The term “punk rock” means nothing anymore. And almost everything. It’s punk rock to hold potlucks and crafting nights, bake sales and whatever else square married couples would have done to meet the neighbors in 1954. Cakewalks and luaus, white belts and harlequin sweaters. By its loosest definition, “punk rock” has basically come to describe practically anything self-consciously dorky or kitschy enough to be worth a go. I had to hold my tongue at the video store a few days ago when I heard a couple of girls congratulating themselves for being punk rock enough to rent a Madonna movie. Over the weekend, someone told me my Yes T-shirt was punk rock.
I blame Calvin Johnson—and by blame, what I really mean is thank, because musically and otherwise it has probably never been cooler to be one’s dorky old self than it is right now. Not that being true to one’s instincts hasn’t always been putting the best foot forward; it just seems like nowadays (although it might just be the age I’m at), people generally seem to appreciate the, shall we say, differently interested among us rather more than in the past. The deciding factor seems to be genuine enthusiasm. That’s apparently why I can listen to Yes and still be considered punk rock. Add that to the list of “You know the world’s gone crazy when the best rapper is a white guy, the best golfer is a black guy, etc.” items in the Chris Rock joke.
Johnson deserves a lot of credit for reshaping the role of punk rock from stale hardcore orthodoxy to something far more protean. Even the regulation indie chic of thrift-store scores (like Little League shirts for teams the wearer obviously never played on) was adopted less as a fashion affectation, or even a cheap source of duds, than as a kind of beating-repellent uniform for Olympia punk rockers in the late 1970s. As Michael Azerrad puts it in the Beat Happening chapter of his book Our Band Could Be Your Life: “Who would hassle a clean-cut, sober kid in a cardigan?”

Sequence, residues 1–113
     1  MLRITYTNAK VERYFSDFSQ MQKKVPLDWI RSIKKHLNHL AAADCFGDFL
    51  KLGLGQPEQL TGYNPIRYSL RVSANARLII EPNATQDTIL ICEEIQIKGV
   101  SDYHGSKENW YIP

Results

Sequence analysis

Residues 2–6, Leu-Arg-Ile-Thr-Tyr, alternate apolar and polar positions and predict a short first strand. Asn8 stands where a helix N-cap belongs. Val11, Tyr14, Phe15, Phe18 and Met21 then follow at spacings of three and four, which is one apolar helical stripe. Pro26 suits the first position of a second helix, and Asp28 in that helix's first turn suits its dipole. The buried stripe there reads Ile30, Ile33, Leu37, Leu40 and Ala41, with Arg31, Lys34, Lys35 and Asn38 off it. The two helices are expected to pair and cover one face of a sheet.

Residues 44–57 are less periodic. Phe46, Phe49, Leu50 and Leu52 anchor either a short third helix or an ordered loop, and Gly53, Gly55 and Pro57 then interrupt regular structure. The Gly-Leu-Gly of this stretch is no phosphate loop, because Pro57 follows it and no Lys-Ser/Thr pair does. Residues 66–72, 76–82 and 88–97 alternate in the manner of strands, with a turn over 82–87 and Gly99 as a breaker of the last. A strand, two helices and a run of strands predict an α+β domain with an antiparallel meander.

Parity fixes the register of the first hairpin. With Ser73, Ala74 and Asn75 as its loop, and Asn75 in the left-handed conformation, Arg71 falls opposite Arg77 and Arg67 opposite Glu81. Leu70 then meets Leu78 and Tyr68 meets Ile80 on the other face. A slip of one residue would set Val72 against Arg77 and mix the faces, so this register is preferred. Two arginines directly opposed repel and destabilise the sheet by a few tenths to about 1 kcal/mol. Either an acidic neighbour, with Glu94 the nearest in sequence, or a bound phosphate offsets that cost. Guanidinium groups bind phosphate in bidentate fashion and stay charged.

More importantly, Calvin Johnson was the magnetic leader of a local movement to make the music more inclusive—even for people who couldn’t play an instrument or carry a tune in a bucket. Singing for early Olympia bands like Jungle Action and the Cool Rays, he showed that innate creativity in most ways counts for more than training or skill. You could be musical without necessarily being a musician; you just had to find your own conduit for getting it out in the open. Mastering an instrument was less important than mastering your fear of public speaking. The charismatic Johnson led by example: If he could do it, why not anyone? By the time he formed Beat Happening in the early ’80s with fellow Oly transplants Heather Lewis and Bret Lunsford, amateurish charm was not merely a saving grace but a virtue, perhaps even an end in itself. Enthusiasm and a willingness to go for broke, then as now, is what really mattered.
It took a little while for a national network of like-minded slumber-party rockers and oatmeal-carton drummers to catch on, but there, too, Johnson’s K Records label has been instrumental in rallying kids and bands from across the country around his youth movement. Now you can go almost anywhere and find something the kids are calling punk rock that echoes the anyone-can-play spirit of those early days. Even a bake sale. Maybe not a Madonna movie.